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What a Infertility Specialist Would Tell Young Women in Medicine

Op-Med is a collection of original articles contributed by Doximity members.

Expanding a family can be a complicated process for patients, even for patients who are doctors themselves. Briana Rudick, MD is the director of the Columbia University Fertility Center's Third Party Reproduction Program. She is board certified in Obstetrics and Gynecology and Reproductive Endocrinology and Infertility. Doximity asked Dr. Rudick to share how the field has evolved and what women physicians should consider about their own fertility.

Doximity: How has the field of reproductive endocrinology & infertility evolved since you began your career?

Briana Rudick, MD: It has evolved quite a bit in the last 15 years. [There have been] a lot of positive changes from better freezing technology, increasing applications of genetic testing on embryos, to the ability to transfer fewer embryos while maintaining high success rates (thus lowering the chances of multiple gestation). The world of third-party reproduction has truly expanded. And of course, fertility preservation has become its own subspecialty unto itself. I love that LGBTQ family building is taking a front seat in our field as well, as this is something that I feel passionate about both in my work and on an advocacy level.

Dox: What was your very best moment as an ob/gyn infertility specialist so far? Why?

BR: I continue to experience "best moments" on a regular basis! I actually save all my thank you [cards], holiday cards, thank you emails, and gifts as reminders to myself when I'm having a difficult moment. Many of my best moments in this field are when I'm acting more in the capacity of a therapist than a doctor ... just listening. The human moments with patients go a long way. Especially when we know we won't always be successful. But hands down the best moment was when my kids reached an age where I could explain to them what I do. [They expressed] pride and wonderment. That I have devoted my career to building families seems to sit well with them ... and in turn reinforces how much family means to me. They can be proud of their mom.

Dox: What do you wish your patients would ask you?

BR: This is a tough one and I feel like it varies from patient to patient. I think in today's day and age women have more choices about when to have a family. We have not just the field of fertility to thank for this, but also the fields of family planning and maternal fetal medicine. Everyone seems to be focused on the "ideal time" to have children as if such a time exists. Our patients, especially the proactive ones, like to plan out as much as possible, a testament to their organization and determination. But no one knows what life will hold. And in the end, once we have these cuties, all we want as parents is more time with them. Not just more hours in a day. But more years in a life. So from that perspective, I always think of the best time as "sooner rather than later." But I know that is my own inherent bias as a mom.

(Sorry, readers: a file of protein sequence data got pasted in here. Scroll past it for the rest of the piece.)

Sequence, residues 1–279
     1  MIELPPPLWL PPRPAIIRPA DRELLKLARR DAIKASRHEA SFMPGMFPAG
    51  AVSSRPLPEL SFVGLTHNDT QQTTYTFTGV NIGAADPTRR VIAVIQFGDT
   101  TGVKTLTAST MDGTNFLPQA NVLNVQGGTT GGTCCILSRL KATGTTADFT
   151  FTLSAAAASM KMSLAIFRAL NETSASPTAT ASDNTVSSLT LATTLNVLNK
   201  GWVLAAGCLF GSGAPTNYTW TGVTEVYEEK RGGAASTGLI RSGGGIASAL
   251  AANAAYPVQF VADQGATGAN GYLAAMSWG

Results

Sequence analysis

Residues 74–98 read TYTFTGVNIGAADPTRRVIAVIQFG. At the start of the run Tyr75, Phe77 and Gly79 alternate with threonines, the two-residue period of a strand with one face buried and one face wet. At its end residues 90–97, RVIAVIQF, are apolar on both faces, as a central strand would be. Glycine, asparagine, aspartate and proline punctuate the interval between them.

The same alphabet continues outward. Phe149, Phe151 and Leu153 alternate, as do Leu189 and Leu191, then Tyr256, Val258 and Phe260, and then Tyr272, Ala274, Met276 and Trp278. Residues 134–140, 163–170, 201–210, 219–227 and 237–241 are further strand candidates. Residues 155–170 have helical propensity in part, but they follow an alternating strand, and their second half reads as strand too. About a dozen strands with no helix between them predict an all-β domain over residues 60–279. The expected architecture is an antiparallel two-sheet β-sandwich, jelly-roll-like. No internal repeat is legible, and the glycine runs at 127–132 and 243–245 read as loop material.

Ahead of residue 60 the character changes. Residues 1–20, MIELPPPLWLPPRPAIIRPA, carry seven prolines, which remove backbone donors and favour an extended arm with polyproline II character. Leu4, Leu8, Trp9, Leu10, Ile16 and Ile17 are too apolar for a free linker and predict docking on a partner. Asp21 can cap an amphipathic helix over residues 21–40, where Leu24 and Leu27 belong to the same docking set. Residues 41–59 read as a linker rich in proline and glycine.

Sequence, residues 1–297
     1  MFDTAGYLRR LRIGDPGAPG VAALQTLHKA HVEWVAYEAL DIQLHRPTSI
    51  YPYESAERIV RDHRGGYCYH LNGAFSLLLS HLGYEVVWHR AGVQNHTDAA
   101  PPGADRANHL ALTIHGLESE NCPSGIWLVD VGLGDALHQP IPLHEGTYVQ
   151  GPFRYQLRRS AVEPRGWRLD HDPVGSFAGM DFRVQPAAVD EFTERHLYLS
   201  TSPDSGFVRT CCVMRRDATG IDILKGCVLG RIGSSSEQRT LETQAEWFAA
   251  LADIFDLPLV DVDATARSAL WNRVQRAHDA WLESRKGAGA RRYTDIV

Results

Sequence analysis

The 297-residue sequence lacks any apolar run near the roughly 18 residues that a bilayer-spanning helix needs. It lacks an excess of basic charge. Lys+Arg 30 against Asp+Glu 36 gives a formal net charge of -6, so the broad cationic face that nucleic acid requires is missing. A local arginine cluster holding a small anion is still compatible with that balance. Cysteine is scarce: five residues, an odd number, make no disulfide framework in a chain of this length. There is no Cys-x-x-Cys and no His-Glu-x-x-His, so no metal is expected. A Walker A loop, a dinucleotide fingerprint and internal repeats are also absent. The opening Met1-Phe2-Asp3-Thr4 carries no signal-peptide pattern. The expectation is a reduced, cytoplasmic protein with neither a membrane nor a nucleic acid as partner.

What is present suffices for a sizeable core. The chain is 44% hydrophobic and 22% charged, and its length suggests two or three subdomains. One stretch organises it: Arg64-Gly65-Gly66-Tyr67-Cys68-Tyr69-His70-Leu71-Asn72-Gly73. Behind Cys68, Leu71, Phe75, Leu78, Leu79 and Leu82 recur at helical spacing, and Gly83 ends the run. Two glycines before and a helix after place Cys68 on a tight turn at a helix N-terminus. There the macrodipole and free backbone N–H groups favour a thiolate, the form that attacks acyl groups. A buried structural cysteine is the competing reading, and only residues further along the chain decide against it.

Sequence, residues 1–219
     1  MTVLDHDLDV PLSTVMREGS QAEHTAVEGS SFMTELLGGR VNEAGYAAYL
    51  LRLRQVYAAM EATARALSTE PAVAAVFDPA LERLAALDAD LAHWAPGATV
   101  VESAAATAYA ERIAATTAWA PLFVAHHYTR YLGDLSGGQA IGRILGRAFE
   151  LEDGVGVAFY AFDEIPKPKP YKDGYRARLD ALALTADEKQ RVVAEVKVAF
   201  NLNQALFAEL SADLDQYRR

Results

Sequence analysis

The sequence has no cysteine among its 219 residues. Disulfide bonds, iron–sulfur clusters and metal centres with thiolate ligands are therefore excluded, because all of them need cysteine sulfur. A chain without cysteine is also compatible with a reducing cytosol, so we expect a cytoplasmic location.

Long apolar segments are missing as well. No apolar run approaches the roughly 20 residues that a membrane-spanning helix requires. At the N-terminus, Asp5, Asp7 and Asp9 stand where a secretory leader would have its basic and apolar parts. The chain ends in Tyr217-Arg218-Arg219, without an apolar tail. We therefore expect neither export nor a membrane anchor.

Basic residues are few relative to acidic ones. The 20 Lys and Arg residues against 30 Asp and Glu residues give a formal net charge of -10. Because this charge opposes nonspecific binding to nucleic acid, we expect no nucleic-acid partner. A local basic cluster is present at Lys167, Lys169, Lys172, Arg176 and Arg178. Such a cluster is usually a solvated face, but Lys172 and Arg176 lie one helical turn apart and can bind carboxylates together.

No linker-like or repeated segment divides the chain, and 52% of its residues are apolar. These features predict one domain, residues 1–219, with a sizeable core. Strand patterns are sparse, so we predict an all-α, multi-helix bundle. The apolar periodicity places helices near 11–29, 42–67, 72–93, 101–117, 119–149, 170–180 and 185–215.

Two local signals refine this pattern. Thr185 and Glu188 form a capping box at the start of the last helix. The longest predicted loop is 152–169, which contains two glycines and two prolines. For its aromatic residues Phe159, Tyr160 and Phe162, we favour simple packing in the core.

Dox: What advice about fertility would you share with young women physicians in training?

BR: Don't forget about your own family planning goals. You deserve to have a family if you want one. Even if you aren't sure you want one, by age 34, if you are not actively getting pregnant, freeze embryos. It's better to have it and not need it than to need it and not have it. And like everything else health related, an ounce of prevention is worth a pound of cure. More than a pound. Sometimes prevention is truly the only way.

What one change do you think is most important for women in medicine to accomplish?

I am seeing more and more medical professionals at all stages of training who are using fertility preservation technologies, which is huge. This has been a welcome change over the course of my career. It doesn't surprise me ... we have always been a smart group! I would like to see more of a focus on parental leave — and if two partners are present — for both of them. I think our institutions and our society in general have a long way to go here.

Dox: Tell us about a time when you felt empowered as a woman in medicine.

BR: I have an amazing team that I work with in my practice. Sometimes younger team members ask me advice about a case, or ask me advice about family life and being a mom, balancing life and work. Both types of questions make me feel empowered ... not that I have all the answers, as I most definitely do not. But it makes me feel like we are all in it together, regardless of what stage of life we are in. I feel empowered when my daughter asks me question after question about the human body fully expecting that I will have an answer ... as if I hold all the secrets of the universe in my understanding of anatomy and how the body works.

Dox: If you had an extra hour in the day, how would you spend it?

BR: With my family, or reading a regular, non work-related book. A real book. With real pages. NOT on a screen.

Dox: What would you like our readers to know about infertility that we haven’t already covered?

BR: For all of you young women in medicine who are already on the path to long working hours — consider your own fertility preservation. This is so important and could save you time, money, and disappointment later on.

This interview has been lightly edited for length and clarity.

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